181. Extraordinary how potent cheap music is…

“We’d been calling all afternoon,” said Douglas’s daughter. “We were about to have one last try when he rang us. Apparently he’d been out with some neighbours. They’d gone, Dad told us, to ‘sing to the old people’.” (Douglas was nearly ninety four.)  “I do hope he mimed. Even the old people don’t deserve Dad’s singing.”

I’ve been doing a fair bit of miming myself recently, having joined a singing group of a Friday morning. Trouble is, I’ve a jolly limited range so have to dip out when there’s anything resembling a high note. Think a mixture of Lee Marvin and Marlene Dietrich and you’re getting close. Luckily for everyone, there are over a hundred other people at the group, many of whom are excellent singers, as is our leader, Sarah. So no-one seems to notice if I sing or not. Thankfully, not everyone works on this basis or we would be in trouble.

As it happens, singing is highly recommended to counter the invasion of PD. All to do with keeping the voice strong, breath control and so on. In fact, the exercises that Sarah leads at the top of the session are very similar to the list given to me by the physio; the list that I’ve blutaked onto the wardrobe door and will definitely get around to doing one day.

The main reason I go singing, though, is because a couple of friends invited me. And then I invited a couple more. And now there are six of us, all recently retired teachers, and all – or so it appears to me, though I’m not an impartial judge – a good ten years younger than the group average. In the coffee break, we share our despair about what is happening in education at the moment and send strengthening thoughts to our mates back at the chalk face. I’m sure this makes heaps of difference to them and that they are suitably grateful.

The songs we are given to sing each week are, to be truthful, not exactly up to the minute. The most contemporary number I’ve mimed to so far has been “Mama Mia”, which hit the charts forty one years ago. I doubt that we’ll be tackling Adele or Kanye West any time soon.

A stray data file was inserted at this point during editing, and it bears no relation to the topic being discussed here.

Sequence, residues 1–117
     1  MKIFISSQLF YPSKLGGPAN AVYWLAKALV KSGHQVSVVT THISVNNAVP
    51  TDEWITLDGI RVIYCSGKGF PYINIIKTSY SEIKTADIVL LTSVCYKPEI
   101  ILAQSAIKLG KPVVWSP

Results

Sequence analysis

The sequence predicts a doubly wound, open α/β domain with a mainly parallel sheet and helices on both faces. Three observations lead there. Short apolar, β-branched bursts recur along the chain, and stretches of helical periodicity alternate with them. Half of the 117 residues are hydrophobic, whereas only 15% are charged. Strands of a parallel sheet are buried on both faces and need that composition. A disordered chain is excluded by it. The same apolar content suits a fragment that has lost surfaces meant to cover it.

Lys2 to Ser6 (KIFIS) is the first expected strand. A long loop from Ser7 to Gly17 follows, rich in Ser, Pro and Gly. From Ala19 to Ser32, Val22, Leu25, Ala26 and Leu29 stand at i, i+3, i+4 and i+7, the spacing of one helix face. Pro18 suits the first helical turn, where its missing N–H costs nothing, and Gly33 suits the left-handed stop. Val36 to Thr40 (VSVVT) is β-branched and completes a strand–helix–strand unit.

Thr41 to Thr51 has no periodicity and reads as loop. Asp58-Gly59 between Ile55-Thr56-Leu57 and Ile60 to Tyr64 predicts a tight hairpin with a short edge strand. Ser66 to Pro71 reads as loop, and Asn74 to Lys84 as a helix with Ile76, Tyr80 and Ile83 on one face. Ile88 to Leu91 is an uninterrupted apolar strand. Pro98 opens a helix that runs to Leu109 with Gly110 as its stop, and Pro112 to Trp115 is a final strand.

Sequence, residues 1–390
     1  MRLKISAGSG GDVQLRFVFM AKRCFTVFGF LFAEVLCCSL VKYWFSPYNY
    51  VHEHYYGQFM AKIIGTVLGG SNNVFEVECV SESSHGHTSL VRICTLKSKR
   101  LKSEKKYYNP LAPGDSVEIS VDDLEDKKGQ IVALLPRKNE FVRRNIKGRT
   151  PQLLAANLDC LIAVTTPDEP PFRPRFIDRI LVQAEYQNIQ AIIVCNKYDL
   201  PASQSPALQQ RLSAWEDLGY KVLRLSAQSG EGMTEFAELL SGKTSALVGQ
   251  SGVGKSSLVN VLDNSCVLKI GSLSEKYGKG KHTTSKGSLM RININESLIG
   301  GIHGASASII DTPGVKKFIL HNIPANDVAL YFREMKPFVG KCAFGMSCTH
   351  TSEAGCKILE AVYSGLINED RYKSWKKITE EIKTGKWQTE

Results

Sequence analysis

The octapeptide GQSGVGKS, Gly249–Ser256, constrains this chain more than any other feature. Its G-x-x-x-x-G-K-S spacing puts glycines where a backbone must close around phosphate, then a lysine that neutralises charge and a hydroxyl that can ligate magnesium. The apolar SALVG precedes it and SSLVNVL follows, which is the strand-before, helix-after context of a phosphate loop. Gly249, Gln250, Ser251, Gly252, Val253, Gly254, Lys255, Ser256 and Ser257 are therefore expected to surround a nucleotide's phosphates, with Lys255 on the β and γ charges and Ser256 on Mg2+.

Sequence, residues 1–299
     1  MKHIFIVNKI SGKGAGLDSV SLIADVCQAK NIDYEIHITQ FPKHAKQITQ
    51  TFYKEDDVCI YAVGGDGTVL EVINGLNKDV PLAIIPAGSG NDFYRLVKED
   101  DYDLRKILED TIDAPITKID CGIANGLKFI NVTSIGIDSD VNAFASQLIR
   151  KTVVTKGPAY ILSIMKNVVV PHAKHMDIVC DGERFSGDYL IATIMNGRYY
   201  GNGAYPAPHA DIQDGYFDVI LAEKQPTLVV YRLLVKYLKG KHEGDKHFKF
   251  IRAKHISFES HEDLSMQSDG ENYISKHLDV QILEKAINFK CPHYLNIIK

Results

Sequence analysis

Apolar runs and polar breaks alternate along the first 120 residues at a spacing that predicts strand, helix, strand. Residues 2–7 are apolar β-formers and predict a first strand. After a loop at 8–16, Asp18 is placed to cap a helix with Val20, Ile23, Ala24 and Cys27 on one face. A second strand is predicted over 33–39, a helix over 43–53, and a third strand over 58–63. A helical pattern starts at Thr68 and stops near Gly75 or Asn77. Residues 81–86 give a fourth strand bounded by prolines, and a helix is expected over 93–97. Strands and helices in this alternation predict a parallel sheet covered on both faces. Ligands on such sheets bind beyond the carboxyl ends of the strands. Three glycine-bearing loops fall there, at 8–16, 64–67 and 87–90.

Old songs spark old memories, so I spend a fair amount of Friday mornings a- time-travelling. Maybe it’s because I’m a Londoner:  Ma and Pa are singing to distract us kids as we motor to South London and back visiting the grandparents. As soon as the piano strikes up, I start to feel car-sick.

Underneath the Arches: Aunt Martha and Uncle Pat giving us their Flanagan and Allen at the Christmas Night party. This being the seventies, I can almost smell the cigarette smoke. Burlington Bertie: Auntie Bess with her natural savoir-faire, strolling through the party with an independent air.

If you were the only girl in the world, nearly had me in tears the other week at the sudden memory of Auntie Elsie and Uncle Bill singing it to each other at their Golden Wedding party, more than thirty years ago.

And the next song turns out to be They’ll be Bluebirds over the White Cliffs of Dover. I smile and think of Bert, Bro-in-Law’s dad, telling us how being stuck in France, fighting the Nazis, was one thing, but having to listen to the Forces’ Sweetheart elicited the choicest of language as they all rushed to turn off the wireless.

So, perhaps, not a song to sing to the old people. Just in case.

It was pointed out on the radio this morning that Bohemian Rhapsody was at number one in the charts forty years ago this week. Unbelievable. Where did that time go? Wonder if we’ll get to mime to that soon? Altogether now…”Is this the real life…”


I’d be interested to know if any other Parkies out there find that the cold weather makes your tremor worse. Or is it just me? Really like to know.

2 responses

  1. Cold weather definitely makes worse the (little) tremor I have.

    1. Thanks. Good to know not just me!

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